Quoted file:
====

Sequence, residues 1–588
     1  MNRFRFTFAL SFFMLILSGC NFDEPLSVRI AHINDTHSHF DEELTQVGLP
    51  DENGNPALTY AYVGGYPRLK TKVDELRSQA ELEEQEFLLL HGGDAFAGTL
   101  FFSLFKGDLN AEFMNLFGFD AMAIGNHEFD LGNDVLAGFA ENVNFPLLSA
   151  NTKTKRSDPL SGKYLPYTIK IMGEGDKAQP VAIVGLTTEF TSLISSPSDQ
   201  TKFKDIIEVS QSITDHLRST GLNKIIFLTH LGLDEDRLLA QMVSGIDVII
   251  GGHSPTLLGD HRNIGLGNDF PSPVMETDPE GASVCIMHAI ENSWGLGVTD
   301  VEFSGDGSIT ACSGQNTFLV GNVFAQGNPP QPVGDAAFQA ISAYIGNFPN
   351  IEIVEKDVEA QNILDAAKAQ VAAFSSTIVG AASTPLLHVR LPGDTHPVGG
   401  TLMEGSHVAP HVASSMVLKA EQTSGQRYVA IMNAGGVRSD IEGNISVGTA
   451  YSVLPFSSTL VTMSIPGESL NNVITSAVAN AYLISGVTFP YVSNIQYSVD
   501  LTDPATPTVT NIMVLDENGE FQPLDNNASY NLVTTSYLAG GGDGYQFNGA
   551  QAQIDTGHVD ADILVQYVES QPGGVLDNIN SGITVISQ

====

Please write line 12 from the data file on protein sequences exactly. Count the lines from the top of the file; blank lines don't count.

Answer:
   501  LTDPATPTVT NIMVLDENGE FQPLDNNASY NLVTTSYLAG GGDGYQFNGA